After six months of casual meetings and the occasional run around in our garden, Tequila’s time to take things to the next level had arrived. She was in heat and her family wanted her to have a litter before she was spayed, and not with just any dog but with our Abroozi. Not only was he the only dog she could stand to be around but her family loved him too. They knew how visibly happy she became when they said his name.We were equally excited to have our Abroozi be “chosen”. And by this time our Abroozi was equally sweet on her. But we were always worried about whether he would actually know what to do when the time came to “do the deed”.
When parents see their little boy expertly stacking building blocks they think, architect. If he’s fascinated by mum’s lipstick they think he could be gay or when he bashes a squirrel they think, psycho. Our Abroozi is so much of a mama’s boy/papa’s boy and very clingy that we just didn’t think he’d be interested in “doing it”. More doubt set in when we realised that on both sides of our family we’ve had dogs who just didn’t know what to do when presented with a bitch in heat. One of them didn’t come out from under the bed for 3 days after the bitch was taken away. The poor chap was petrified by the whole ordeal. The other dog showed more interest in humping a cushion. So we didn’t want to put any pressure on our boy.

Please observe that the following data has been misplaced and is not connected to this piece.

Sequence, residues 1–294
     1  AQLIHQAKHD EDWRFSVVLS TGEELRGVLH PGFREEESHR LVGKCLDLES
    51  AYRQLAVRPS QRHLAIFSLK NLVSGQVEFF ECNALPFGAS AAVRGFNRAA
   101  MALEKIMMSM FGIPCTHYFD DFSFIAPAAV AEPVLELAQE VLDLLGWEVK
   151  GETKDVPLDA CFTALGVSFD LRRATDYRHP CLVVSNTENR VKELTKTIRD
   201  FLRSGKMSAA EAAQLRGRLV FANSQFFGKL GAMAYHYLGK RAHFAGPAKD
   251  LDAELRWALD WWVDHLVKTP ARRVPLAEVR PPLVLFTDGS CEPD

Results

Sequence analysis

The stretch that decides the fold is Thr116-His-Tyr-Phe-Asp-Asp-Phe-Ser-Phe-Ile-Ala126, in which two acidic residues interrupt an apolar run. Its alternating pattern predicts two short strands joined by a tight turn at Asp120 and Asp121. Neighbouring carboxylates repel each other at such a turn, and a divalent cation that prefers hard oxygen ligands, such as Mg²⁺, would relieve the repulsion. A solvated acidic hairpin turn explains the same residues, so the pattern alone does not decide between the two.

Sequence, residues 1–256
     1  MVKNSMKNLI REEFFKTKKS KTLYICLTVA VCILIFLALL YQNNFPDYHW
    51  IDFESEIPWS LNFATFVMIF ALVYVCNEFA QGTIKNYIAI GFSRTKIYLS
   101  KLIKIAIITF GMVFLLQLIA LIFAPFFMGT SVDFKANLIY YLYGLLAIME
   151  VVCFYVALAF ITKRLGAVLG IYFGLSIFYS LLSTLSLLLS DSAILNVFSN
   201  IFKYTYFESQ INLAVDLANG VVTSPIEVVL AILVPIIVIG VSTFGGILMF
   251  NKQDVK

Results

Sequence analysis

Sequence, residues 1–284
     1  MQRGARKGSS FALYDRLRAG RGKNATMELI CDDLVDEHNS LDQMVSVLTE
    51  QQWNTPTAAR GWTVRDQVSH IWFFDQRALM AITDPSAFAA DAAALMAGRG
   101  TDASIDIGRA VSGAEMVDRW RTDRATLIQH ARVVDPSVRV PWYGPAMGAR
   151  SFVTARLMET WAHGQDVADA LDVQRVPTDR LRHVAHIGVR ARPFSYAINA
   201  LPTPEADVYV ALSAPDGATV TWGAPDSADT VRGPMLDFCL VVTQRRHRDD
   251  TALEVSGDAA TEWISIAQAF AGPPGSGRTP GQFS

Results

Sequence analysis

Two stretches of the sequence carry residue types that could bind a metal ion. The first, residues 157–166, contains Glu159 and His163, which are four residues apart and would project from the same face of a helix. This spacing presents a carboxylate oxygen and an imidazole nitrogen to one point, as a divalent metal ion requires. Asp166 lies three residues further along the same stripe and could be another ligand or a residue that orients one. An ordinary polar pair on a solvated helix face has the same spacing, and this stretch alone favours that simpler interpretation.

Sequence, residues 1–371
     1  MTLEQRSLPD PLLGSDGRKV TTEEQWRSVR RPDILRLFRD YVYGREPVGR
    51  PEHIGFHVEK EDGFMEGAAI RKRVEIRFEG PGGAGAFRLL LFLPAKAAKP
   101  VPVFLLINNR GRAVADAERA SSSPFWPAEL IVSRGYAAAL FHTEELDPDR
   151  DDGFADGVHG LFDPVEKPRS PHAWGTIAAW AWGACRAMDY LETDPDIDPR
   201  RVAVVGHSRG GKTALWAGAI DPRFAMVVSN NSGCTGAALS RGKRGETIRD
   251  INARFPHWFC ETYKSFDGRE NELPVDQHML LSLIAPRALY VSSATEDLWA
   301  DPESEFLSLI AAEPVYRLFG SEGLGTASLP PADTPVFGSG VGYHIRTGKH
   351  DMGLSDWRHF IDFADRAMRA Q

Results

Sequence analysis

Dog mating is not as easy as it sounds. There are certain rules to follow. First off, if you are not a breeder but you have a bitch and are not looking for a stud dog, I feel the two dogs have to have had previous meetings. I think it helps if they are comfortable with each other if he’s not a professional ‘stud’. Stud dogs are unlike human males who think they are studs. Stud dogs get right to it and get the job done quick. There’s no preening and showing off, no peacock strutting, no alcohol required.But that’s just an aside. Regular Joes like our Abroozi like to take their time and boy do they need it. The female when she’s around 5 days in to her heat will want to be mated. Before that it’s like she’s seriously PMSing. When she’s ready she’ll offer herself, by sticking out her bum and moving her tail aside to any low life mongrel she can get her horny paws on. She’s not assessing his future prospects, whether he can provide for her or nurture her emotionally. She’s just looking for a quickie. The male on the other hand is nervous. All the pressure to perform is on him. So you have to bring the female in to the male’s territory so that he is comfortable.